In the second of our guest posts from the hardworking and thoughtful Museums Studies students from the University of Leicester, Alejandra López-Oliveros talks about her motivation for applying to GoMA and what she is taking away from her time with us.
Internship Reflections – Alejandra López-Oliveros
The main reason I applied for the internship at GoMA was to be able to take part of the ‘behind the scenes’ of queer timɘs school (QTS), a project led by the socially-engaged artist Jason E. Bowman and created as a platform to inform and debate the story of LGBTPQI people in Scotland in the past 50 years.
The QTS run for a (very intense) week and included presentations from different speakers and a full day of debate. During that week, the other interns and I assisted the curator/producer Katie Bruce with several tasks, from preparing the printed material used during the week, to doing the registration of the participants, help getting the orders for lunch and organizing the coffee/tea breaks, facilitate the sound recording, documenting the events, etc. Although those may not seem as the most glamorous tasks, they helped me understand everything that takes to produce and carry out an event as complex as this one, and I have learned what and how to do it.
Of course, the work did not finish with the week of presentations and debates. All the interns had the opportunity to be in a number of meetings where the future of the project was discussed: team meetings, acquisitions meetings, exhibitions and programme meetings and research meetings. During said meetings, the idea of the project took shape and morphed with the questions and conversations with other members of the Glasgow Museums’ team, materialising itself little by little. Furthermore, those meetings were a great way to grasp the dynamics of the different teams within the institution – the role of each member of the team, the difference between each aspect of their work and the impact all of them have on the final product.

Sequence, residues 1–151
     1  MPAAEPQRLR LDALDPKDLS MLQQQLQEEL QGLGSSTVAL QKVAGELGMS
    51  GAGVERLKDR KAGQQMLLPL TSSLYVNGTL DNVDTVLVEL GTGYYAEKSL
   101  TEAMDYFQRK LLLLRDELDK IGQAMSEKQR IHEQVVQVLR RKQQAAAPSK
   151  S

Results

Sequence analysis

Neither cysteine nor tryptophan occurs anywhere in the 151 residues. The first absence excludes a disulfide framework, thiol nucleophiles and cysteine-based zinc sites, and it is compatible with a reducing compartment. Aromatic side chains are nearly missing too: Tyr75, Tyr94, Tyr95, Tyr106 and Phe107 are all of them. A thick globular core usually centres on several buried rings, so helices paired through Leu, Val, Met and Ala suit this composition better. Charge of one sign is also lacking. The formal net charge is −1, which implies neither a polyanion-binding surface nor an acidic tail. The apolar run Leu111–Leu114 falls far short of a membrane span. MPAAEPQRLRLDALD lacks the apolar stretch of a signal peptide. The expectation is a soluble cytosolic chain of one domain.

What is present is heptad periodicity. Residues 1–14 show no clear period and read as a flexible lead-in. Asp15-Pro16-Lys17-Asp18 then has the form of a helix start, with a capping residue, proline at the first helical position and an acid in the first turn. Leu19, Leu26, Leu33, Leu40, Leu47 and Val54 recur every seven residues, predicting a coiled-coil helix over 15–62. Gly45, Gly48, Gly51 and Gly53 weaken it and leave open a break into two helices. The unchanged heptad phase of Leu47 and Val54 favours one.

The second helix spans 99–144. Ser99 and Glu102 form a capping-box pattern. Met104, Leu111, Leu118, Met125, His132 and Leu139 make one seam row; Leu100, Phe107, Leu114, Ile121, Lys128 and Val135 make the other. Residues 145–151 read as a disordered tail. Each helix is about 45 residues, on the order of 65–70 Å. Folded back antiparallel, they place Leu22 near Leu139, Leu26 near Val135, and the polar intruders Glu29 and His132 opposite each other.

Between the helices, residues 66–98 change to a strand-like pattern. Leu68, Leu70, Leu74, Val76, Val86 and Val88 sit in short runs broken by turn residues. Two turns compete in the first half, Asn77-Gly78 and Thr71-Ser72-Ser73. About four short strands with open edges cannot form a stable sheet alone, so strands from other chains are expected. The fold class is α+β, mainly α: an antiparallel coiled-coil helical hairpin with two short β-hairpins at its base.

This has been my first experience working in an artist-led, community-based project, and I cannot say enough good things about the experience. I have learned a lot about LGBTPQI in Scotland, not only from the different speakers and their testimonies but particularly from the participants who debated, questioned and incorporated different perspectives in every single of the themes, enriching immensely the experience.
Being an 8-week internship, we only had a small window in the overall project – we were not there when QTS was originally proposed, where the speakers and locations were first contacted, etc., and of course we will not be there to contact the commissioned artists, see their work and installation, be in the opening, etc. However, that window gave me a unique insight into a multifaceted project like this and I have learned what I think are valuable skills that I will hopefully apply in future experiences in museums.
I would like to thank Katie, Martin, Angela, Gareth and Will for taking the time to answer all my queries and for making me feel part of GoMA’s team. It was a pleasure to go to the office every day.